Port Stephens boasts a waterway that is two and a half times the size of Sydney Harbour
with crystal blue waters suitable for most water sports.
The region that is now Port Stephens was formed forty million years ago when molten rock flowed out of
faults in the ground, forming volcanic peaks that rose dramatically up
from the sea to over two hundred metres. Time has since weathered the
original rock, leaving distinctive volcanic peaks with such names as Gan Gan Hill, Glovers Hill, Kurrara Hill, Stephens Peak, Tomaree, and
Yacaaba. Sand is washed in from the sea, or blown ashore or just left behind
when the sea level fell. In areas the sand is pure silicon and today is much
sought after by the glass industry, whilst other areas have concentrations of
zircon and rutile.
There is bountiful flora and fauna including wattles, tea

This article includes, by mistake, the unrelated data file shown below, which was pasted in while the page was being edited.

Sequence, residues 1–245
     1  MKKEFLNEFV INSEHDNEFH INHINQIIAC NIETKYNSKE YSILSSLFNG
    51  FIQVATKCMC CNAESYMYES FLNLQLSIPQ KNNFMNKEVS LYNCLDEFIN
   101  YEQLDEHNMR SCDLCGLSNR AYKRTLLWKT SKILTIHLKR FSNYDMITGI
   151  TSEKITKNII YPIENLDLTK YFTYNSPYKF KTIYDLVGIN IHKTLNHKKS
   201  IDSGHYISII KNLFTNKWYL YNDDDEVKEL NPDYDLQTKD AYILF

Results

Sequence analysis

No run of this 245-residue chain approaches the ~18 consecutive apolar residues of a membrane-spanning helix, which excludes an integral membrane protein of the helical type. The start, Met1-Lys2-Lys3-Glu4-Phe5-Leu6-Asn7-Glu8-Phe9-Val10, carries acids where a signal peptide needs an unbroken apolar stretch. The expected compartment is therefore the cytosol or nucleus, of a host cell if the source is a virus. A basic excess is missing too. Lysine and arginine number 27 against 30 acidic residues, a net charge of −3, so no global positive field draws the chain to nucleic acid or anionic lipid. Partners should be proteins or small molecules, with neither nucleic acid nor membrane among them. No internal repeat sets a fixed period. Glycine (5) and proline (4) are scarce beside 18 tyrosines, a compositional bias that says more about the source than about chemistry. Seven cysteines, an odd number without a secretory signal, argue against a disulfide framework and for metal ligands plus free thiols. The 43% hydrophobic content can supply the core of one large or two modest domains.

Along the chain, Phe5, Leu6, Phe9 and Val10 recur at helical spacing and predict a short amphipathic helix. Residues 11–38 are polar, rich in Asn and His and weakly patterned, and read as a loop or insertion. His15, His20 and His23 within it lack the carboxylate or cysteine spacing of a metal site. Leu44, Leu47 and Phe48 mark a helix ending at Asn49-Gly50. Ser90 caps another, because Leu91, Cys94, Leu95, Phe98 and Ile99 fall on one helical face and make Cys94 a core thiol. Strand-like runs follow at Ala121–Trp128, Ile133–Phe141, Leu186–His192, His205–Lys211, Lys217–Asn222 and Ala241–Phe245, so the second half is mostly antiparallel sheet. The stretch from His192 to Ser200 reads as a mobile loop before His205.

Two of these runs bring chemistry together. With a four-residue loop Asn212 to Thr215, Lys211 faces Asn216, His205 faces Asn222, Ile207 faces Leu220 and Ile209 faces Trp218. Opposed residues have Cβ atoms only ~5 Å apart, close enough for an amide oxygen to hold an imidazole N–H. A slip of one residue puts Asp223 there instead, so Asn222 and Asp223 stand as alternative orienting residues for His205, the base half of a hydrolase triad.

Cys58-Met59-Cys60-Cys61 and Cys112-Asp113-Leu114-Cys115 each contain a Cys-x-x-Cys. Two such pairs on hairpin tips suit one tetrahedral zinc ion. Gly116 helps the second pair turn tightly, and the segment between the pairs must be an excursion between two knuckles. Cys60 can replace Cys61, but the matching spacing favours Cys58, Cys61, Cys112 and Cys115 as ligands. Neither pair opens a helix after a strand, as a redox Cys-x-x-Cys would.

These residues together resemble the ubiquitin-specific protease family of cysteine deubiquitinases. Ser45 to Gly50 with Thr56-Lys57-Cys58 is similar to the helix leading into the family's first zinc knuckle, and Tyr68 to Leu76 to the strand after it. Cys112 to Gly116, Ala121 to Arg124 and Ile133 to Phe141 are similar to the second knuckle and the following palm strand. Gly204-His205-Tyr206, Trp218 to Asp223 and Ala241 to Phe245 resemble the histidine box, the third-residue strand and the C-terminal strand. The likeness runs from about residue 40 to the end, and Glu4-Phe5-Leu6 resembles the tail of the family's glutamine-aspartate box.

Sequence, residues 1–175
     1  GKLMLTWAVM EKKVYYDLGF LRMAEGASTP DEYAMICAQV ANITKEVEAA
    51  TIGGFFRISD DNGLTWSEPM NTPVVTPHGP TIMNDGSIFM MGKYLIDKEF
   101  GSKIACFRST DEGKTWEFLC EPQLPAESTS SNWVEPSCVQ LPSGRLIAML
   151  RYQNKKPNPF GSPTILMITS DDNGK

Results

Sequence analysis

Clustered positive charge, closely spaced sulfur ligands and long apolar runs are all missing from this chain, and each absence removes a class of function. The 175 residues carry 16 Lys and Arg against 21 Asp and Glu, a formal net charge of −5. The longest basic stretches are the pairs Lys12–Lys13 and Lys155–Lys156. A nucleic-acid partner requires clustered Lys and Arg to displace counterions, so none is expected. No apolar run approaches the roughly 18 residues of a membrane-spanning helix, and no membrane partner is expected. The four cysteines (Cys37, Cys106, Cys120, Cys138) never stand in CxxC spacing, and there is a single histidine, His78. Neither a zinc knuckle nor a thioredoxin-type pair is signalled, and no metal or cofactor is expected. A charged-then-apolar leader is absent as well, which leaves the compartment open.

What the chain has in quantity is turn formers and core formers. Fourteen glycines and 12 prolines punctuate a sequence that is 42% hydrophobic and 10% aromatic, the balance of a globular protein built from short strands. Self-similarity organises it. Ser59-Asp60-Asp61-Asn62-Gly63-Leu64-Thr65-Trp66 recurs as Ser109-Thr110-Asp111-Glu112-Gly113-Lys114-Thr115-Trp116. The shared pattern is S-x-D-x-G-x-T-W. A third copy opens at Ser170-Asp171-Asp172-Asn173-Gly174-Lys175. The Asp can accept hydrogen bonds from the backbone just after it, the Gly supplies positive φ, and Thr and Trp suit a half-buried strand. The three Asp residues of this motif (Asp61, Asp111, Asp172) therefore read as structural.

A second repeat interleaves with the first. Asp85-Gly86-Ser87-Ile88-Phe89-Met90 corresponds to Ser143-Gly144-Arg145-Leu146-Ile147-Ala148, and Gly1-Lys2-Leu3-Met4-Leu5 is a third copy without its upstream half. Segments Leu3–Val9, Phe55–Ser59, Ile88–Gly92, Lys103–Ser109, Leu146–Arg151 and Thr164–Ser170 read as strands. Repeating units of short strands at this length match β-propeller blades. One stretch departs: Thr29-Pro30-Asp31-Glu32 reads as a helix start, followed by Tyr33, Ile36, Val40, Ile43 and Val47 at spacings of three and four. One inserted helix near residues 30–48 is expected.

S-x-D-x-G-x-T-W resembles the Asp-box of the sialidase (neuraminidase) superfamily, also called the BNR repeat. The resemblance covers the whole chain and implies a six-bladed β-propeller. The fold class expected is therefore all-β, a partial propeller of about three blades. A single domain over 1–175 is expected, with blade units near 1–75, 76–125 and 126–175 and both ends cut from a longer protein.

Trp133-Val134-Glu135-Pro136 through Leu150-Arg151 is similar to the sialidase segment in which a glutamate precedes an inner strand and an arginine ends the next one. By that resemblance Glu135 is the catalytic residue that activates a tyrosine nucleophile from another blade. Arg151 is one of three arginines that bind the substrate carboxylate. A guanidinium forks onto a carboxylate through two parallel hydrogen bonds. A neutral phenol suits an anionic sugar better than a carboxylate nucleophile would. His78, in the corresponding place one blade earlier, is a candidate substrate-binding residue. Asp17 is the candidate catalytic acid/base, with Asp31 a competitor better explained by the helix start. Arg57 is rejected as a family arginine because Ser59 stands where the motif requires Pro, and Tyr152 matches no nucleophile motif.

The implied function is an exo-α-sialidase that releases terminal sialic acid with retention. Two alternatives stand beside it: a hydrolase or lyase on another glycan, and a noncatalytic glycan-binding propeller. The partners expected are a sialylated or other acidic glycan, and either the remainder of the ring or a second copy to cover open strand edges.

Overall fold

trees, banksias, healthlands, brushtail possum, honeyeaters, brown
antechinus, all abundant in the areas such as the Wanda Avenue
wetlands, Mambo Creek catchment and swamps.
Part of the Mid North Coast
region, Port Stephen is gaining fame as the place to be for whale watching, when
during the period of June to November, over 4,000 humpback whales swim past on
their annual migration north to the warmer waters of the South Pacific Ocean,
then south again. Click here to find out more about
Check out our range of listed
Stephens accommodation. In addition to our listed online travel guide
information, contact the local tourism visitor centre for your destination for
more attractions, tours, local maps and other information.